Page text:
Civilians have always been the primary victims of violence in Syria. Women and children, men and boys, the elderly, persons with disabilities, are treated as legitimate targets by Government forces, anti-Government armed groups, extremists and terrorist organizations. Children have been indoctrinated and instrumentalised on a massive scale. The men and women who aid those wounded or in need of humanitarian assistance are systematically arrested, detained, tortured and killed. The symbol of the Red Crescent has ceased to be a shield of protection.
An alarming number of cases of sexual violence are still being committed inside Syria. Both ISIS and Jabhat al-Nusra have stoned women to death on charges of “adultery”. Yazidi women and girls, abducted by ISIS in Iraq, are being sold and re-sold inside Syria, where they are held in sexual slavery. This terrorist group has brutally executed men accused of homosexuality by throwing them off tall buildings.
The Course of Combat
Syria may be heading toward a break-up that would see the formation of at least three new mini-states. One such mini-state would be an enclave for Syrian President Bashar al-Assad’s government in the west and northwest that would be populated by members of the Alawi sect, an offshoot of Shia Islam, Shiites and Christians. Another would be a Sunni-majority state in the center and south of the country and the third would be a separate entity in the northeast for Syria’s two million Kurds.
In 2012 Syria’s Orthodox Christian Church claimed that Islamist rebels were carrying out “ethnic cleansing of Christians” in Homs. The Vatican news agency, Fides, said most of the 50,000 Christians living in the city left when Islamists went door to door in the neighborhoods of Hamidiya and Bustan al-Diwan telling Christians they would be shot if they did not leave. Militants Islamists have sometimes used the slogan, “the Alawites to the grave and the Christians to Beirut.”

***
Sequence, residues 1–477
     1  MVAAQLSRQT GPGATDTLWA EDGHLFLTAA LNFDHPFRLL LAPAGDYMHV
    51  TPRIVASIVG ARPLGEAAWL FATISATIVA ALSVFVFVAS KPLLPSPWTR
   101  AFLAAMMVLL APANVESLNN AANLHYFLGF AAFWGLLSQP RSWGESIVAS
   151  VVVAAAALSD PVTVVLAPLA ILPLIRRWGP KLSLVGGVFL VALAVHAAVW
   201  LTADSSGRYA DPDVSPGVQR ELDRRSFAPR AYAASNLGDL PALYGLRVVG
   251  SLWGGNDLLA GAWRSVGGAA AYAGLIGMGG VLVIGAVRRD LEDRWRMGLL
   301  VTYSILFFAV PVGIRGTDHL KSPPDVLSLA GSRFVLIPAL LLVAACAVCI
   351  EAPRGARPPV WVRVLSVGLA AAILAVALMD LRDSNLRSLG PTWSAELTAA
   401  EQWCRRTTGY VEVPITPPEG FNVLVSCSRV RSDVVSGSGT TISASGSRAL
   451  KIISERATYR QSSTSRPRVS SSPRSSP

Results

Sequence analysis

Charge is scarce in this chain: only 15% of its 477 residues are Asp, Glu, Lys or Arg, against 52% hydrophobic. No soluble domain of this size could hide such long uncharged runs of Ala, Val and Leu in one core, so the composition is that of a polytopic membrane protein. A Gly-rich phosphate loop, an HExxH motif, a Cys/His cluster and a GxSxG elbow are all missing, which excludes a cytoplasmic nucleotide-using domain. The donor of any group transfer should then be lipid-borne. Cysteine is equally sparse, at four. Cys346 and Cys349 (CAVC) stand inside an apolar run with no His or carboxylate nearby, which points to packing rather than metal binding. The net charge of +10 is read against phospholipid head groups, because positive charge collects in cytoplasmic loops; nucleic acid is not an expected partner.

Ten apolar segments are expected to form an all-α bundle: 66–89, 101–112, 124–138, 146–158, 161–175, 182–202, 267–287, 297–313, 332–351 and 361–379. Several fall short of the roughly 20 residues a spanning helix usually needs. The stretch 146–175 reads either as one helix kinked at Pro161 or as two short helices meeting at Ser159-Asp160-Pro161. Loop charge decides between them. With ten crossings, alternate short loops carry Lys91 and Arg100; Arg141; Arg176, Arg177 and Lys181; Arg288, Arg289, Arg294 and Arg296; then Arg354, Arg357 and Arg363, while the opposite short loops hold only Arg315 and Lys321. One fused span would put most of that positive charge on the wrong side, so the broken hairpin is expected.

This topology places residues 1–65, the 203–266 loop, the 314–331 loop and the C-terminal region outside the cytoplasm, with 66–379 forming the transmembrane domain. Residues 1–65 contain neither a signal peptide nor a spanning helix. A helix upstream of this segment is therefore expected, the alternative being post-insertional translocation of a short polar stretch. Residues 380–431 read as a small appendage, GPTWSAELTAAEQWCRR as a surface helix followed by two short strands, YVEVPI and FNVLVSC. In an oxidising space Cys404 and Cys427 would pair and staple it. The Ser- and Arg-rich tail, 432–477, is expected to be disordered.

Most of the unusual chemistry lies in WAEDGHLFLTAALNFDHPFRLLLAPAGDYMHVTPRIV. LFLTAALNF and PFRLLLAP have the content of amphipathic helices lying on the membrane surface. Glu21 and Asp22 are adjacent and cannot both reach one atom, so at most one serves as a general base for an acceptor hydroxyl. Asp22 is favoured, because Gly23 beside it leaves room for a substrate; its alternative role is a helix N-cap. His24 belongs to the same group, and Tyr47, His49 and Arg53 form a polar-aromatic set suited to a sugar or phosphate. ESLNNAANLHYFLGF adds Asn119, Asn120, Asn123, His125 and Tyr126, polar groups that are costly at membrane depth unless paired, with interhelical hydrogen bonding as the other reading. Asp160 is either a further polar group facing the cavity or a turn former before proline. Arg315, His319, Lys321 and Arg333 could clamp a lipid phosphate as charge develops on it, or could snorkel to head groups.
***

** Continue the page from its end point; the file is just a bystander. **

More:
By mid-2013, as Syria continued its sectarian civil war, some argued that state-based nationalism was declining and something larger and older was taking over. The Syrian war seemed to mark the beginning of the end for the Sykes-Picot Agreement, which divided the Ottoman Empire after World War I and created the modern Middle East. Hisham Jaber, a retired Lebanese army general and now the director of a political think tank in Beirut, believes the likely outcome of the civil war is the breakup of Syria. He foresees Alawites, members of an offshoot sect of Shia Islam, and Christians cleaving together along Syria’s coast, and Kurds and Sunni Muslims establishing separate states of their own.
Ben Caspit wrote February 11, 2014 that "... Israel Defense Forces top brass believe that the struggle in Syria could last as long as a decade. Wording this cautiously, a very high-ranking Israeli defense official told me: “We’re facing a decade of struggle in the Syrian environs.” Either way, Israel believes that the Syria we had come to know over the past few decades is gone. ... a senior IDF official commented... “the concentration of all the global jihad madmen in Damascus and the Golan Heights is also a disconcerting development. So as far as we’re concerned, the alternatives are bad either way. And there’s also the possibility that these alternatives would coexist, which means that the current situation could last for many more years. Assad will keep his grip in Damascus and the Alawite strongholds, while jihadist forces will grow stronger and take control of all the other areas."
|Join the GlobalSecurity.org mailing list|